No preview · Article · Apr 2010 · Journal of Clinical Oncology
[Show abstract][Hide abstract] ABSTRACT: Usually IL-7 receptor deficiency presents as (T-B+NK+) (Severe) Combined Immunodeficiency (SCID) within the first six months of life. All published IL-7R-deficient patients so far have been diagnosed and received stem cell transplantation within the first year of life.
We present a female patient born to non-consanguineous German parents with delayed manifestation. She presented with superinfected dermatitis at 6 months of life and developed a first pneumonia at age 9 months. On admission to our department at 22 months the patient presented with severe T cell lymphopenia. PNEUMOCYSTIS JIROVECI pneumonia was diagnosed from broncho-alveolar lavage fluid.
Sequencing of IL7RA in the patient revealed compound heterozygous mutations. FACS analysis showed no expression of IL-7 receptor alpha-chain on the patient's lympho- and monocytes. The patient successfully received haematopoietic stem cell transplantation from a 9/10 matched unrelated donor at age 24 months. CONLUSION: Despite almost absent T cell functions clinical symptoms occurred late compared to previously published patients. Thus even in patients with moderate clinical symptoms and delayed onset a (T-B+NK+) (Severe) Combined Immunodeficiency ((S)CID)) due to missing IL-7 receptor signalling must be considered.
No preview · Article · Nov 2009 · Klinische Pädiatrie
[Show abstract][Hide abstract] ABSTRACT: Stem cell transplantation (SCT) can definitely cure chronic myeloid leukemia (CML), a rare disease in childhood. We prospectively evaluated the results of early SCT in pediatric CML after standardized pretreatment with hydroxyurea+/-interferon.
Between 1995 and 2004, 200 children (median age: 12.4 years) were enrolled and stratified: given the availability of an HLA-matched related donor (MRD), SCT was scheduled within 6 months and otherwise from an unrelated donor (UD) within 12 months following diagnosis.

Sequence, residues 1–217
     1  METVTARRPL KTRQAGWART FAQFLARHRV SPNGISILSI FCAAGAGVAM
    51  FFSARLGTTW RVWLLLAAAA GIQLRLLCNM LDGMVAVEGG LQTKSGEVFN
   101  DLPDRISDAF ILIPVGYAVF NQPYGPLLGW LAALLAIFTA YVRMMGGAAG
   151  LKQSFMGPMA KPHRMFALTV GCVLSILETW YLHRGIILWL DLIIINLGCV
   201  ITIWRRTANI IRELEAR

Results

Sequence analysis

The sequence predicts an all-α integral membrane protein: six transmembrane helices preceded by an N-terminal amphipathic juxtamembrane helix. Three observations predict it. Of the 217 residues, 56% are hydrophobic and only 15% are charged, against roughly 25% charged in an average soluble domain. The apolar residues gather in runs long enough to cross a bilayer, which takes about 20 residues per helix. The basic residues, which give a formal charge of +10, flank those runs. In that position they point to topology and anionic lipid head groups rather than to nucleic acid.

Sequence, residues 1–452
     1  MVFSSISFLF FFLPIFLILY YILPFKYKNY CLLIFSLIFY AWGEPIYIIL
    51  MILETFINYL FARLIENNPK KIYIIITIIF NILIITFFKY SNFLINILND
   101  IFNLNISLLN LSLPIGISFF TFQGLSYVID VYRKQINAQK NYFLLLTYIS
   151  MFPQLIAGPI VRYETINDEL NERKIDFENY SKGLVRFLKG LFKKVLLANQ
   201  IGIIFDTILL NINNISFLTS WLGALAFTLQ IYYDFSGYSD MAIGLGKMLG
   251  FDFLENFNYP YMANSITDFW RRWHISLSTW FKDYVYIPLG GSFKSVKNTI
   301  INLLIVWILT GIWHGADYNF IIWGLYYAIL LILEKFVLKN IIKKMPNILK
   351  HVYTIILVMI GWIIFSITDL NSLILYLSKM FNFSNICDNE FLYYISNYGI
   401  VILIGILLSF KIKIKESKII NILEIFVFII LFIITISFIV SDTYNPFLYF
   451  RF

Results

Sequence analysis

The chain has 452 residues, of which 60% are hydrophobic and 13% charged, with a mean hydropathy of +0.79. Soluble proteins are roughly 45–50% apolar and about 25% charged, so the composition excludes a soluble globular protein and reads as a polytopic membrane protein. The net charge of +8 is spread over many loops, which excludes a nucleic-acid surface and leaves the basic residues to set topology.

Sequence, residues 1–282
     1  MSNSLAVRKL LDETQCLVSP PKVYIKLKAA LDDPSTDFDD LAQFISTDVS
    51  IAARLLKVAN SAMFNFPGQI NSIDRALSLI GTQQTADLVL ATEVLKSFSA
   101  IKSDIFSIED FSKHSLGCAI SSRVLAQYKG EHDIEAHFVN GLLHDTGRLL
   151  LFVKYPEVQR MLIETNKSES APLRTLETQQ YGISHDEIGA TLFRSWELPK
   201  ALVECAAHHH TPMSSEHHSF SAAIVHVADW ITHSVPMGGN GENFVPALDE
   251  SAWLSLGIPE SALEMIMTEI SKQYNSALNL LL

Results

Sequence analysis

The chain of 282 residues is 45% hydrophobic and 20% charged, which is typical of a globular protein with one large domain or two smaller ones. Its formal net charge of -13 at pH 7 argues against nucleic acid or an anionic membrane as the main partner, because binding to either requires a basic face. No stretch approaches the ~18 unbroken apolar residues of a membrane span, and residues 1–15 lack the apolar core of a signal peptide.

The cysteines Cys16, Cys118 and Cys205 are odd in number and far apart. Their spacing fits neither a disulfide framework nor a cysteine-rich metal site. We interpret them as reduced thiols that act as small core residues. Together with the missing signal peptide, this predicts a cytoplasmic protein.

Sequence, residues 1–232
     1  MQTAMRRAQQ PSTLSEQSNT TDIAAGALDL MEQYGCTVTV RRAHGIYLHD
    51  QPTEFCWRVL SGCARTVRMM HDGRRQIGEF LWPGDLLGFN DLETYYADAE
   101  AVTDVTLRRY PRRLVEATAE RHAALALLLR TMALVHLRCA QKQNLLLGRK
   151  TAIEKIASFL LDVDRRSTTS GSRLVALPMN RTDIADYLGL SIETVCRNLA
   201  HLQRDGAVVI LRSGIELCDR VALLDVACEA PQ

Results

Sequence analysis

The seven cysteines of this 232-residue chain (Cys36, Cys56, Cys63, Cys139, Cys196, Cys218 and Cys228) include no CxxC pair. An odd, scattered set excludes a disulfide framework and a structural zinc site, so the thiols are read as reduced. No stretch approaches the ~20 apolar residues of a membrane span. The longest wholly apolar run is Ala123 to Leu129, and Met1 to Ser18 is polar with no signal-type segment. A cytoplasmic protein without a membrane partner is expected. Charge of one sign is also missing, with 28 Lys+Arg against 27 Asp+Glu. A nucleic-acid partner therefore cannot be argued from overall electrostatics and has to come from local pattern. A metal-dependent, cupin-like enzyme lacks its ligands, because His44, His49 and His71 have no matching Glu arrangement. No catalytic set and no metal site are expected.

176 patients underwent SCT; from MRD within median 4 months and from UD within median 11 months after diagnosis. At SCT, 158 patients were in chronic phase (CP1 or CP2), 9 patients were in accelerated phase and 9 patients were in blast crisis (BC). The conditioning regimen - total body irradiation or busulfan - exerted no different impact on overall survival (OS). Probability of OS at 5 years was 87+/-11% if grafted from a sibling (n=41), 52+/-9% from matched UD (MUD, n=71), and 45+/-16% from mismatched donors (MMD, n=55), respectively. A trend for better OS in CP1 was observed if SCT was performed within 6 months (n=49; 74+/-9%), compared to 7-12 months (n=52; 62+/-15%), and >12 months (n=43; 62+/-17%) after diagnosis, respectively (p=0.157). Probability of relapse at 5 years was 20+/-12%. Transplant-related mortality and graft-versus-host disease mainly contributed to the inferior outcome in UD and HLA-mismatched SCT.
These data from the first prospective trial on CML restricted to children and adolescents might be considered for decision making when balancing the risks of SCT against the increasing use of imatinib as upfront treatment for CML.
No preview · Article · Nov 2009 · Klinische Pädiatrie
[Show abstract][Hide abstract] ABSTRACT: We evaluated the safety, tolerability, and efficacy of caspofungin in pediatric patients with invasive aspergillosis, invasive candidiasis, or esophageal candidiasis.
This was a multicenter, prospective, open-label study in children 3 months to 17 years of age with proven or probable invasive aspergillosis, proven invasive candidiasis, or proven esophageal candidiasis. All of the patients received caspofungin 70 mg/m(2) on day 1, followed by 50 mg/m(2) per day (maximum: 70 mg/day), as primary or salvage monotherapy. Favorable response was defined as complete resolution of clinical findings and microbiologic (or radiographic/endoscopic) eradication (complete response) or significant improvement in these parameters (partial response). Efficacy was assessed at the end of caspofungin therapy in patients with a confirmed diagnosis who received >/=1 dose of caspofungin. The primary safety evaluation was the proportion of patients with clinical or laboratory drug-related adverse events.
Of the 49 patients enrolled, 3 were <2 years of age, 30 were 2 to 11 years of age, and 16 were 12 to 17 years of age. Forty-eight patients had confirmed disease: invasive aspergillosis (10), invasive candidiasis (37), and esophageal candidiasis (1). Eight of 10 patients with invasive aspergillosis had pulmonary involvement; 34 of 37 patients with invasive candidiasis had candidemia. Caspofungin was given for 2 to 87 days. Success at end of therapy was achieved in 5 of 10 patients with invasive aspergillosis, 30 of 37 with invasive candidiasis, and 1 of 1 with esophageal candidiasis. One patient (invasive candidiasis) relapsed during the 28-day follow-up period. Drug-related clinical or laboratory adverse events occurred in 27% and 35% of patients, respectively. There were no serious drug-related adverse events or discontinuations of caspofungin because of toxicity.
Caspofungin was generally well tolerated in pediatric patients aged 6 months through 17 years. Efficacy outcomes in patients with invasive aspergillosis or invasive candidiasis were consistent with previous adult studies in these indications.